Posted by John Roisland in MOVIE REVIEWS, REVIEWS, 0 comments
The Walking Dead: Who is Negan?

The Walking Dead: Who is Negan?

By Nicole Robinson

Negan

Fans of The Walking Dead comic book series have long awaited to find out who was going to be playing the notorious villain Negan. It was recently announced that The Good Wife and Supernatural alum, Jeffery Dean Morgan, was cast, bringing about speculation that Negan will be appearing sometime during season 6. This was all but confirmed after that mid-season finale’s sneak peek of Daryl, Sasha, and Abraham’s encounter with The Saviors. For those fans that do not read the comic series, you are probably wondering to yourself “Who is Negan and why should I care?”

For those of you wondering this very question, here are some answers.

Negan is a very important comic character and first appears in the series during issue #100. He is the leader of the Saviors. The sneak peek gave us our first introduction to Negan’s group in a very accurate portrayal of their comic counterparts. This is not a small group, but in fact is an entire community like Alexandria and Negan is their leader. He uses fear and brutality to secure their loyalty with burning faces with an iron as example of one punishment for breaking the rules.

From the very beginning, it is very clear that Negan has a special type personality. In his first appearance, his introduces Rick and friends to Lucille, a baseball bat wrapped in barb wire which he uses to random choose his first victim. He knocks at the gates of Alexandria demanding HALF of everything. Half of all of the supplies, weapons, and ammo that the community has collected in exchange for protection. The protection they need is from The Saviors.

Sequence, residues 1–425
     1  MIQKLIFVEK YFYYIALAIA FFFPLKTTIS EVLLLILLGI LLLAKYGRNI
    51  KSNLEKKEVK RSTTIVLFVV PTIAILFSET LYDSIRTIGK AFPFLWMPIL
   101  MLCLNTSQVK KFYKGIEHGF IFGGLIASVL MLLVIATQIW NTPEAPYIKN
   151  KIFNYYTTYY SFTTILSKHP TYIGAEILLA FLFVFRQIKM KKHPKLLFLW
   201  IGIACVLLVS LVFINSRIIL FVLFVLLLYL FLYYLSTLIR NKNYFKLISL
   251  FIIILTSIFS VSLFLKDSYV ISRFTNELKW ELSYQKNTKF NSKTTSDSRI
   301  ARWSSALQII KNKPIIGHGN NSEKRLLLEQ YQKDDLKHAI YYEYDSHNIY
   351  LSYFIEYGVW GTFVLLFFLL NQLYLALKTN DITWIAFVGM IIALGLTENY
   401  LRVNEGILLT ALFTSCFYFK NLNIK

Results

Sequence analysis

Negan randomly choose a victim from a subdued group which happens to be Glenn. While a pregnant Maggie, Rick, and Michonne watch, he beats Glenn to death with Lucille in one of the most memorable and graphic scene of the entire series. This also establishes a lot about the character that is Negan and his impact on the dynamic of the story.

The death of Glenn is one which strikes at the very hearts of Rick and Maggie as well as the rest of the survivors. We learn very quickly that Negan is very narcissistic and charming with absolutely no sense of remorse. He hears Glenn beg for his life and yet he still smashes Lucille into his skull and at one point even laughs and says “He is taking it like a champ”. Rick swears to avenge Glenn and kill Negan but this does not even phase him. He just laughs more and beats Rick with his bare hands before leaving.

Negan is a psychotic, witty, intelligent, and brutal. He occasionally will display a warped sense of sympathy but lacks empathy completely. And he is coming to the TV counterpart during the second half of season 6. Jeffery Dean Morgan was recently announced to have been casted as the iconic villain settling any questions as to whether or not Rick would come face to face with Negan before season 7. Does this spell the end for Glenn?